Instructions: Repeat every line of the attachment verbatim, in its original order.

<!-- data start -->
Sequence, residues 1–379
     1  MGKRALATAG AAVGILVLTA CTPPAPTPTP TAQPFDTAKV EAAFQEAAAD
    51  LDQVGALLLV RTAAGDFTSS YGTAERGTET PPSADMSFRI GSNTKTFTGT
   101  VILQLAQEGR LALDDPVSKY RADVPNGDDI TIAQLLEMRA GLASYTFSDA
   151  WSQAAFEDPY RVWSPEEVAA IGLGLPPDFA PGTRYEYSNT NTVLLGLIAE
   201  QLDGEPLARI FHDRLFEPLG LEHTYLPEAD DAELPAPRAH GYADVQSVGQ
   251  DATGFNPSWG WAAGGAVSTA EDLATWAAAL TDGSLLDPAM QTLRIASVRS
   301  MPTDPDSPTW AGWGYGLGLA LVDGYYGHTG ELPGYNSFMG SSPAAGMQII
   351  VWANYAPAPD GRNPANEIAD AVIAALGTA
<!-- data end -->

Sequence, residues 1–379
     1  MGKRALATAG AAVGILVLTA CTPPAPTPTP TAQPFDTAKV EAAFQEAAAD
    51  LDQVGALLLV RTAAGDFTSS YGTAERGTET PPSADMSFRI GSNTKTFTGT
   101  VILQLAQEGR LALDDPVSKY RADVPNGDDI TIAQLLEMRA GLASYTFSDA
   151  WSQAAFEDPY RVWSPEEVAA IGLGLPPDFA PGTRYEYSNT NTVLLGLIAE
   201  QLDGEPLARI FHDRLFEPLG LEHTYLPEAD DAELPAPRAH GYADVQSVGQ
   251  DATGFNPSWG WAAGGAVSTA EDLATWAAAL TDGSLLDPAM QTLRIASVRS
   301  MPTDPDSPTW AGWGYGLGLA LVDGYYGHTG ELPGYNSFMG SSPAAGMQII
   351  VWANYAPAPD GRNPANEIAD AVIAALGTA